Cannot Lose Salvation:  To avoid rejecting the passages listed above, the assertion is made that being broken off from the people of God, having an evil heart of unbelief, believing for a while, forsaking God, without a sacrifice for sin, worse than an unbeliever, erased from the Book of Life, fallen from grace, departed from the faith, received grace in vain, and forgetting he was cleansed mean simply that the saved person will suffer in this life.  Of course, the result is that heaven will be populated with many unbelievers.  The obvious disconnect in the theory is separating salvation from faith.  Various explanations are offered for how to obtain this salvation, ranging from outright legalism (Catholic sprinkling or Church of Christ immersion) to a form of belief that is foreign to the Bible (accept Jesus into your heart), and various combinations thereof.  Security is achieved by redefining faith.

Faith Results in Loss of the Ability to Choose Unbelief.  Many espouse the concept that a faithful person cannot choose to reject faith.  This asserts free will for unbelievers, but not for believers.  The theory makes all of the letters in the New Testament useless, since the recipients could no longer choose.  If the various authors presented choices, then choices must have been available.  Asserting that Christians can choose right versus wrong but not faith versus unbelief creates a security that is simply illogical, an arbitrary re-definition of choice that is not described anywhere in the Bible/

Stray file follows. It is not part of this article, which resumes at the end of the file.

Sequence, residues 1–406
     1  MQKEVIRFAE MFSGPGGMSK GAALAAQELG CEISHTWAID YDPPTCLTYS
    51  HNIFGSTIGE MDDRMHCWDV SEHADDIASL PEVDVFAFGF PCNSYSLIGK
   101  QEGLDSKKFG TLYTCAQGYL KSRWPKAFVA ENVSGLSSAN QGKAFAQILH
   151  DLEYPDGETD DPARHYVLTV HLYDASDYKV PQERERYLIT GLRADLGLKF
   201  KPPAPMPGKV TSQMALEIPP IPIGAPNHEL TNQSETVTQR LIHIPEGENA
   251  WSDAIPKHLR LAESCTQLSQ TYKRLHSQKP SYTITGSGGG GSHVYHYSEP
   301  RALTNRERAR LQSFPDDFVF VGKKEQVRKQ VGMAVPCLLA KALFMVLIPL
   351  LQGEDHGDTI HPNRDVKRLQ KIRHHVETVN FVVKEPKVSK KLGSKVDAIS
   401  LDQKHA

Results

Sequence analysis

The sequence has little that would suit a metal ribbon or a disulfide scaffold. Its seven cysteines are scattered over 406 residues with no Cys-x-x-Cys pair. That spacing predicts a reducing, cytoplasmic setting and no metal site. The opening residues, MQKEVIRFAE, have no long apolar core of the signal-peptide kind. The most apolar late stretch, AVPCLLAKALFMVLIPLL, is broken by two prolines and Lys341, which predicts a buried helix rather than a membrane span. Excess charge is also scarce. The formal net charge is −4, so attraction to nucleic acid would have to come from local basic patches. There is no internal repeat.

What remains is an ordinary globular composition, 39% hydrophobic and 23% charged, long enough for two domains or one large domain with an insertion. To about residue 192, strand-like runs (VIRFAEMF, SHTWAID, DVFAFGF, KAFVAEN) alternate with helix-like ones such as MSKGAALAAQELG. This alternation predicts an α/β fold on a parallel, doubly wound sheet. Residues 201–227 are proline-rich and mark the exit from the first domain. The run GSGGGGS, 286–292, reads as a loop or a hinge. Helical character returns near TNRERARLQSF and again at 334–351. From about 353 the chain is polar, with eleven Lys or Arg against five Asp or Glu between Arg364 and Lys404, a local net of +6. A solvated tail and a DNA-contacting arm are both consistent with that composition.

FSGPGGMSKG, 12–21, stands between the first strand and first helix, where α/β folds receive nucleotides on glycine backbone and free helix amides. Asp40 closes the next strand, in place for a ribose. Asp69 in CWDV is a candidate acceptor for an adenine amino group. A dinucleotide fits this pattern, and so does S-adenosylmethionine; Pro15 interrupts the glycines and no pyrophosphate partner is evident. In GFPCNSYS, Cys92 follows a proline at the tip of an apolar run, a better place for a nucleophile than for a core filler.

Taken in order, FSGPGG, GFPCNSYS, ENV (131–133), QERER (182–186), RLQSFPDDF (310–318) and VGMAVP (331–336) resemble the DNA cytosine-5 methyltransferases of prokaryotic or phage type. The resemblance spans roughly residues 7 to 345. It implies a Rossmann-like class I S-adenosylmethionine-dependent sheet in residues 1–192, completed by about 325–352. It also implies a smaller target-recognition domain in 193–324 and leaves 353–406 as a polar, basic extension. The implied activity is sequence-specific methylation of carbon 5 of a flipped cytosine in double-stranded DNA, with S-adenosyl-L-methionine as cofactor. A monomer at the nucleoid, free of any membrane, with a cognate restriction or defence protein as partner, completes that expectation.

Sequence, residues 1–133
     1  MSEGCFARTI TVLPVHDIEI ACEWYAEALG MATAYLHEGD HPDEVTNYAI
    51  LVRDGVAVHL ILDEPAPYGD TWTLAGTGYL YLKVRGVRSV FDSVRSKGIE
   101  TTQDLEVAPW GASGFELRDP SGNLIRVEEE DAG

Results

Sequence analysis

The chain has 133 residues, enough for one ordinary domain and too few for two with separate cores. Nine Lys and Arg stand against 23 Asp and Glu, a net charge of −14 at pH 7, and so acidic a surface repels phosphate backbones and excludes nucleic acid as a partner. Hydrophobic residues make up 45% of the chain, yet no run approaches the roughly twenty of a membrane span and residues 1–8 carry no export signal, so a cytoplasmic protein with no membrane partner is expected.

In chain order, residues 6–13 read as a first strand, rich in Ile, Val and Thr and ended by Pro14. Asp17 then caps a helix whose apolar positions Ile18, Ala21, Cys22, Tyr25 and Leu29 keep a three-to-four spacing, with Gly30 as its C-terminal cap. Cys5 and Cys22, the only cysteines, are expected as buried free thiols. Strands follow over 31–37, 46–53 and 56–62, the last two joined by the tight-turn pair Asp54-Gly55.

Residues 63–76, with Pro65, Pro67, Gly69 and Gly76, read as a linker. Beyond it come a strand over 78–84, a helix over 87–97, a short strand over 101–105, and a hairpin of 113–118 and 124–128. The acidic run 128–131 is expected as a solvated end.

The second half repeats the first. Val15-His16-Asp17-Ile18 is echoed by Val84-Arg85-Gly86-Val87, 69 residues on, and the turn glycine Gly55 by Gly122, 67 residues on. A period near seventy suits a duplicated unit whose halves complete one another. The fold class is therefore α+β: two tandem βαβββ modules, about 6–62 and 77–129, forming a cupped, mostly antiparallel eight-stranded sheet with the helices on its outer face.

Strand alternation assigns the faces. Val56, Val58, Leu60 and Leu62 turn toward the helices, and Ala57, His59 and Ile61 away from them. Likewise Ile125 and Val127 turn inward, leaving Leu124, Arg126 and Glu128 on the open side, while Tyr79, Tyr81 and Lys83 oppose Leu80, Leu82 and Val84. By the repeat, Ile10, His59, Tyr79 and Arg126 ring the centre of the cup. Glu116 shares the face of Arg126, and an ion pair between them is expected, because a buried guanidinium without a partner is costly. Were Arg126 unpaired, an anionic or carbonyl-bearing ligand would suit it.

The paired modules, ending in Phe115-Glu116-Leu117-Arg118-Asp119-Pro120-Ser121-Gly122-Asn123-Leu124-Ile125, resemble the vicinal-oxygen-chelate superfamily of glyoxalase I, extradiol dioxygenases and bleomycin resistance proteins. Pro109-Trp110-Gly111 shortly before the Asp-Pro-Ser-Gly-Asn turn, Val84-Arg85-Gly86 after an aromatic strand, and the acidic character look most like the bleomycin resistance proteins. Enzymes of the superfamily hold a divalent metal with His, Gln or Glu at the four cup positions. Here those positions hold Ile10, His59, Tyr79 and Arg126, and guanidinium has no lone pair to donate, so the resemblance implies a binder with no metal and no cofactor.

The Faithful Will Not Fail:  This theory assumes that, once having “tasted of the heavenly gift,” a believer simply would never choose to leave God.  The ability to choose is left intact, but the unsupported assertion is made that one with true faith would never make the choice to reject that faith.  The conclusion is reached that those who appear to leave their faith did not have true faith.  First, this argument flies in the face of the above listed passages in which believers are said to have thereafter rejected God.  More importantly, this simply moves the problem one step to the left.  The insecurity is shifted from fear of falling to fear of inadequate faith.